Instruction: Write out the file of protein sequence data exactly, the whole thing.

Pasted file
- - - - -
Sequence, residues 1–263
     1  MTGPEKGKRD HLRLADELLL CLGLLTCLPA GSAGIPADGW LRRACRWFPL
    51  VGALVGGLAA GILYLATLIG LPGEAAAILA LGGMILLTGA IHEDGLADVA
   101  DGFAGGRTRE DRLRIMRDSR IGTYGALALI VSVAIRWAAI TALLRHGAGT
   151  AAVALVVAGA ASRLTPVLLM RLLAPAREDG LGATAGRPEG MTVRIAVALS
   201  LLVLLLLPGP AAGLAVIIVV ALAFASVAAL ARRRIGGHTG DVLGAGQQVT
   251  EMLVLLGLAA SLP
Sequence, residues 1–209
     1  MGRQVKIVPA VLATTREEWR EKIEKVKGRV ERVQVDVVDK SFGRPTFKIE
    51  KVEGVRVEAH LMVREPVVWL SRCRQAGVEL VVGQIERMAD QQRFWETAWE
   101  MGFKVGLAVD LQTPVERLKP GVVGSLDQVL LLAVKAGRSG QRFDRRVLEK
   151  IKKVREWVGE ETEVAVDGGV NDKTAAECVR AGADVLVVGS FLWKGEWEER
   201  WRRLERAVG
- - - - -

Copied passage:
Sequence, residues 1–263
     1  MTGPEKGKRD HLRLADELLL CLGLLTCLPA GSAGIPADGW LRRACRWFPL
    51  VGALVGGLAA GILYLATLIG LPGEAAAILA LGGMILLTGA IHEDGLADVA
   101  DGFAGGRTRE DRLRIMRDSR IGTYGALALI VSVAIRWAAI TALLRHGAGT
   151  AAVALVVAGA ASRLTPVLLM RLLAPAREDG LGATAGRPEG MTVRIAVALS
   201  LLVLLLLPGP AAGLAVIIVV ALAFASVAAL ARRRIGGHTG DVLGAGQQVT
   251  EMLVLLGLAA SLP
Sequence, residues 1–209
     1  MGRQVKIVPA VLATTREEWR EKIEKVKGRV ERVQVDVVDK SFGRPTFKIE
    51  KVEGVRVEAH LMVREPVVWL SRCRQAGVEL VVGQIERMAD QQRFWETAWE
   101  MGFKVGLAVD LQTPVERLKP GVVGSLDQVL LLAVKAGRSG QRFDRRVLEK
   151  IKKVREWVGE ETEVAVDGGV NDKTAAECVR AGADVLVVGS FLWKGEWEER
   201  WRRLERAVG